“If my intention is to win, or hurt, or punish, I’ll have another breath, and remember Elegant, Intimate Relating.
“If I didn’t actually say something dumb, I’ll tell my partner I almost slipped. If I did slip, I’ll apologise as soon as I notice, and invite my partner back into dialogue.
“If my partner slips and deviates from Elegant, Intimate Relating, I’ll have a breath and “not bite.” And if I do bite, as soon as I catch myself, I’ll [you guessed it] take a breath, and bring myself back to Elegant, Intimate Relating.
“In no case will I pretend that my behaviour is dependent upon what my partner is doing. In other words, I have decided to engage with my partner [and with life!] mindfully, and that is entirely about me. I will no longer excuse my deviating behaviour by blaming others, situations, or even myself.
“I will continue, with each breath, to get over myself, and get over my delusions. I will self-soothe to eliminate the suffering I create for myself, and I will open myself to vulnerable dialogue.”
Yup. This is what works. And it is work. Endless work, as we fight against our accusatory, blaming, suffering natures.
Remember: Being awake isn’t a place. It’s a process.
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Jack and Jill, years later, continue together. They do sit together regularly, and use the Communication Model all the time. They still react to triggers, but catch themselves. They have a gained sense of humour over their triggers, and continue to laugh with each other.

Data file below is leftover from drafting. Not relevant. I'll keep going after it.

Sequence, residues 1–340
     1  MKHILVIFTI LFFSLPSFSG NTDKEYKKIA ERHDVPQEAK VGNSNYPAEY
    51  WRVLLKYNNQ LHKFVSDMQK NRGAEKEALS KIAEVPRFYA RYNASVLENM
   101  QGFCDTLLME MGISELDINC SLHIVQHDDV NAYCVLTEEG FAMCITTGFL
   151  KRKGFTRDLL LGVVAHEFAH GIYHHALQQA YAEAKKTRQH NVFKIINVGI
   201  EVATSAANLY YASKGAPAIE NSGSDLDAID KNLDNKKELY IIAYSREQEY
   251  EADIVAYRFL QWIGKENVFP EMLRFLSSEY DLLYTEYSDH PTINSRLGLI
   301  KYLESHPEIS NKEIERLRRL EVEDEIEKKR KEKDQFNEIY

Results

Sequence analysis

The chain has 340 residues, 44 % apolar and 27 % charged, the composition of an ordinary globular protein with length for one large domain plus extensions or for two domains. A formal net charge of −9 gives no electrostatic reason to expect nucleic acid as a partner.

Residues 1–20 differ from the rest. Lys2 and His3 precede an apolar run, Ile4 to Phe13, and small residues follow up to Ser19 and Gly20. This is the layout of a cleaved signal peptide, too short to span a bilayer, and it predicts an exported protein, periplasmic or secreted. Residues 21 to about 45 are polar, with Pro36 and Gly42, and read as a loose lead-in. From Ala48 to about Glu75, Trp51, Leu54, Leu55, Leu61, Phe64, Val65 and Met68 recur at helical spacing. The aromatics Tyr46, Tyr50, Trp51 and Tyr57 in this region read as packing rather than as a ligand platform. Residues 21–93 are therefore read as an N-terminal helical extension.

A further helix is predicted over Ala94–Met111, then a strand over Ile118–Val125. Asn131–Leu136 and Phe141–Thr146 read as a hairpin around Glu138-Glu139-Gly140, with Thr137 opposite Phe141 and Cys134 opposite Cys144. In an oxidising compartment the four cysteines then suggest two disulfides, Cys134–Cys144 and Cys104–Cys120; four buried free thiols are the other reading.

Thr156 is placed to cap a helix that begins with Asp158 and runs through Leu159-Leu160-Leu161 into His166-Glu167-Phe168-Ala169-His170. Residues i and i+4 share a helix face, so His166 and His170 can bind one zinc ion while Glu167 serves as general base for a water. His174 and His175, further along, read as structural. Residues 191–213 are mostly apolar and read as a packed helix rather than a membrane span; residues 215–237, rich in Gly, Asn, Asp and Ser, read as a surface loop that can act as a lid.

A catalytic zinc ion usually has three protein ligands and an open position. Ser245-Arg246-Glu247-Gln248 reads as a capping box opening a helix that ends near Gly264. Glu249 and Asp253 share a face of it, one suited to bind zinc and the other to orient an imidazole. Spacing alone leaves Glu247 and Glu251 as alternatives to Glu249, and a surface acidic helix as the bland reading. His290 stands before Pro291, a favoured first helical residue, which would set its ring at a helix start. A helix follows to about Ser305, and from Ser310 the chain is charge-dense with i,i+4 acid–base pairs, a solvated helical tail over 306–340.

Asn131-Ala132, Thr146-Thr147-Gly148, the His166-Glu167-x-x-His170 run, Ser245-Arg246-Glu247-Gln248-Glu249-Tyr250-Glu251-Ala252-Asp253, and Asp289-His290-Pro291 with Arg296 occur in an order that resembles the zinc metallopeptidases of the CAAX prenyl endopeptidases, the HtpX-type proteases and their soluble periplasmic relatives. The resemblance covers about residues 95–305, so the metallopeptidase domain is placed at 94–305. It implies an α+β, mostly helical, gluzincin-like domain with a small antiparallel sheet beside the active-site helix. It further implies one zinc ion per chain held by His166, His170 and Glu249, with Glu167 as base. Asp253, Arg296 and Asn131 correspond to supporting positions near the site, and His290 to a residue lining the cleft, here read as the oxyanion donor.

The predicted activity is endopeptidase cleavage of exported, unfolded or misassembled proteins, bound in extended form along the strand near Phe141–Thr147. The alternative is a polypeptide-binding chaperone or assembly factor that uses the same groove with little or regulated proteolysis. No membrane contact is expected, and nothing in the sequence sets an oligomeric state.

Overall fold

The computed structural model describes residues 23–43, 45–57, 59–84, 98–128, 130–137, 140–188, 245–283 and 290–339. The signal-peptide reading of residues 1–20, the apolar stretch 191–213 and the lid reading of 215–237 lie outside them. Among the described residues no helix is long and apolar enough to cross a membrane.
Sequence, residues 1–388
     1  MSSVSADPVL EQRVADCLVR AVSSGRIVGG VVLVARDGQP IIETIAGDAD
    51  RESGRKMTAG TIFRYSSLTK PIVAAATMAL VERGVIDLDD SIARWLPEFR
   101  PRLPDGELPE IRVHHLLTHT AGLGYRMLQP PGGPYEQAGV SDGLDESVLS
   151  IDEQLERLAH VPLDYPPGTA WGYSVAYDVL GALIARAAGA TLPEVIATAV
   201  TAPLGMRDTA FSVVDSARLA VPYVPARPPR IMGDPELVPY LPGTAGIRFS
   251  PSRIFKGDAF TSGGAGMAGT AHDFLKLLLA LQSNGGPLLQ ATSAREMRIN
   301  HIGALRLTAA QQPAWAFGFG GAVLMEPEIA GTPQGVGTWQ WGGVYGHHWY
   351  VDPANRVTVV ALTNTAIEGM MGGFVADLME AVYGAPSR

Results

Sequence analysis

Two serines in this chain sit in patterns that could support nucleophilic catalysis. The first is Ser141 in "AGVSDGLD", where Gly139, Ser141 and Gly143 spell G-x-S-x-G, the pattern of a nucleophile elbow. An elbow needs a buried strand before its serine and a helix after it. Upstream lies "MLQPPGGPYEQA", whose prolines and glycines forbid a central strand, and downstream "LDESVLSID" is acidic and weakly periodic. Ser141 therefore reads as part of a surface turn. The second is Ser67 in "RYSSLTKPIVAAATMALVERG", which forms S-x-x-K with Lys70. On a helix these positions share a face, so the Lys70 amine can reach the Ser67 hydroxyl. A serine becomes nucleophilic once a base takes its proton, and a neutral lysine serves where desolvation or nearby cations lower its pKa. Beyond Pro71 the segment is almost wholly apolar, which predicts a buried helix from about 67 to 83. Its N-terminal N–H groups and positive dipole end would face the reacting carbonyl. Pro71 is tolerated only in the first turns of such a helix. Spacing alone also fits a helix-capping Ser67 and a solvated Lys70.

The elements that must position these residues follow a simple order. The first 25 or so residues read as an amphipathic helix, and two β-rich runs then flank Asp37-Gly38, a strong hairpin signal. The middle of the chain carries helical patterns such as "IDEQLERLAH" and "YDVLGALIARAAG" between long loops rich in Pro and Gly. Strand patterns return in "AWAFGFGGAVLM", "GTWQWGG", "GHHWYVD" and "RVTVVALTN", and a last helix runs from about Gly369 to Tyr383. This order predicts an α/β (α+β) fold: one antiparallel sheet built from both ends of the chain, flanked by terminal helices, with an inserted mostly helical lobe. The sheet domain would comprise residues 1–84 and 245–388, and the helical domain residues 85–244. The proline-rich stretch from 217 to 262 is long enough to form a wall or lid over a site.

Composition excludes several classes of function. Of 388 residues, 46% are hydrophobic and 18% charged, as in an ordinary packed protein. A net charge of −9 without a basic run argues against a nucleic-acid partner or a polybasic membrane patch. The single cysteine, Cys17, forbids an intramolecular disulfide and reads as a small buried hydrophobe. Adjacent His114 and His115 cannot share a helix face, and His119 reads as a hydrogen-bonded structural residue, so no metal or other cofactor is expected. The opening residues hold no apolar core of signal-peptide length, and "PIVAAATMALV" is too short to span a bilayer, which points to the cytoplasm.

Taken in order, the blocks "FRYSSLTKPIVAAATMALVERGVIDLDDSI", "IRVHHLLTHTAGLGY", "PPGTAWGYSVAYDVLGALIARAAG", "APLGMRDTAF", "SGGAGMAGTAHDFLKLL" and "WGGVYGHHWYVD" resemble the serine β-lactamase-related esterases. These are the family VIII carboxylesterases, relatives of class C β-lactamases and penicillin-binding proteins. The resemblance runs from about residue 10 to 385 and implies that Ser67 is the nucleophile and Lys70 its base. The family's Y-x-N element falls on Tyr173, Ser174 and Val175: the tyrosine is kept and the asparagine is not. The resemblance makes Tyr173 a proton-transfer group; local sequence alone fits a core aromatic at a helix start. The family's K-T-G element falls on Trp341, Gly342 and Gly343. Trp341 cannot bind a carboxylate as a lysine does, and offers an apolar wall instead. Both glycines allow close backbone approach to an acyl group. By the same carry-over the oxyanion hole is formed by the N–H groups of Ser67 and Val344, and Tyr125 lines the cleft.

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Learning to be Open and Vulnerable
Exercise 6 – Sit with your back against the headboard of your bed. Have your partner sit between your open legs, his/her back to your chest. Reach around and rest your hands on his/her heart.
Hold them for a while.
Then, say: “I am curious and interested in who you are, and who you are becoming. My wish is that you always feel safe and secure with me, just like now. So, I promise to be this open and vulnerable with you, to hold you and your heart gently, and to agree to look at things from your perspective. I can never see things exactly as you do, but I promise to be open to listening, and responding.”
Then, change places, and repeat.
OK, so here’s a taste of what waking up—mindfulness—is all about. Needless to say, shifting your relationship in this direction is not a one shot deal.
Being present with your partner is a moment-by-moment, for-a-lifetime kind of thing
So, I’d encourage you to decide to do just that. Revisit, with your partner, your commitment to talk for 30 minutes a day, and then commit to going deeper.
The “deeper” part is to begin the sharing of your underlying stories, the hurts and pains that have caused you to tighten up and slip into autopilot. You make a new pact, to be open, honest, and vulnerable with your principal partner, about all of it.
Do that, and you’ll find yourself Relating with Mindfulness!
[Shameless plug: as I mentioned above, I wrote a whole book about this, called The. Best. Relationship. Ever. It’s a much more thorough walk through of the above, and includes the full Communication Model, as well as a lot more exercises. I’d urge you to pick up the paperback or Kindle version at your friendly, local Amazon location, worldwide!]